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About Arteriovenous Malformation (AVM)
- An AVM is an abnormal collection of blood vessels where blood from arteries in the brain flows directly into draining veins without the normal capillaries in between. AVMs appear as a "tangle" of vessels.
- They are present at birth and appear in less than 0.14 percent of the U.S. population, or about 280,000 individuals.
- About one quarter of AVMs hemorrhage by age 15 and the majority become symptomatic by age 50.
|Medium (3-6 cm)||2|
|Eloquence of adjacent brain|
|Pattern of Venous Drainage|
- About half of patients with AVMs suffer a hemorrhage, or bleeding, and about 25 percent suffer seizures.
- Other symptoms include headaches, pressure on surrounding brain tissue, and bruits, or murmurs in a vessel caused by flowing blood that are audible to the patient.
- The cumulative risk of hemorrhage from an AVM is an estimated 2 percent to 4 percent per year. Each episode of bleeding carries a 30 percent risk of death and about a 25 percent risk of significant long term morbidity.
- AVMs can be identified by magnetic resonance imaging (MRI) brain scans. The scans also provide information about location and old hemorrhages without symptoms. AVMs also need to be evaluated by cerebral angiography to learn about the structure.
- AVMs are graded by the Spetzler-Martin grading system. This system uses three important characteristic of the AVM to arrive at the grade:
- Size -- the larger the size the higher the grade.
- Location – eloquent areas of the brain (sensory, motor, language, visual cortex, hypothalamus and thalamus, internal capsule, brainstem) result in a higher grade.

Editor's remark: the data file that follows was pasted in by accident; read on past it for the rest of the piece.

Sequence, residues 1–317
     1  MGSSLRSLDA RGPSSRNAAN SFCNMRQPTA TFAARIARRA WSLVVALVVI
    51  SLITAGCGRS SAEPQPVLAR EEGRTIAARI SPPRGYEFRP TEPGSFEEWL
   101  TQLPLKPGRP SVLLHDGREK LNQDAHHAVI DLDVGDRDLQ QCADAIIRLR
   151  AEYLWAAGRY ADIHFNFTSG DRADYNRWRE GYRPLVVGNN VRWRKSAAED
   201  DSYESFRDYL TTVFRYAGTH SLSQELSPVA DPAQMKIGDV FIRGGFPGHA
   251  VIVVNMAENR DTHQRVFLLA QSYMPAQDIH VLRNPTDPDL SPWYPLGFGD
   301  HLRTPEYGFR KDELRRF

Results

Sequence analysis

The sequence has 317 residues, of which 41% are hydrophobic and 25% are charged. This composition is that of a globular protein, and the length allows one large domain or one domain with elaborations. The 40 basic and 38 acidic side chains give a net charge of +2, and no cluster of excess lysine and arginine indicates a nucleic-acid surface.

- Pattern of venous drainage—drainage from the veins into the deep structures of the brain result in a higher grade
- The higher the grade of an AVM the more difficult it is to treat, and the higher the risks associated with them.
Options vary according to the history and probable future of the AVM and patient age.
- Surgery is the most common approach.
- Other treatment options include stereotactic radiosurgery, especially for small AVMs in critical locations. The risks of hemorrhage are not decreased until approximately two years after the treatment, but this approach avoids the risk of damage to critical structures and bleeding found in open surgery.
- Some AVMs may be treated by minimally invasive endovascular embolization to block blood flow through the vessels.
The Neuro-ICU cares for patients with all types of neurosurgical and neurological injuries, including stroke, brain hemorrhage, trauma and tumors. We work in close cooperation with your surgeon or medical doctor with whom you have had initial contact. Together with the surgeon or medical doctor, the Neuro-ICU attending physician and team members direct your family member's care while in the ICU. The Neuro-ICU team consists of the bedside nurses, nurse practitioners, physicians in specialty training (Fellows) and attending physicians. UCLA Neuro ICU Family Guide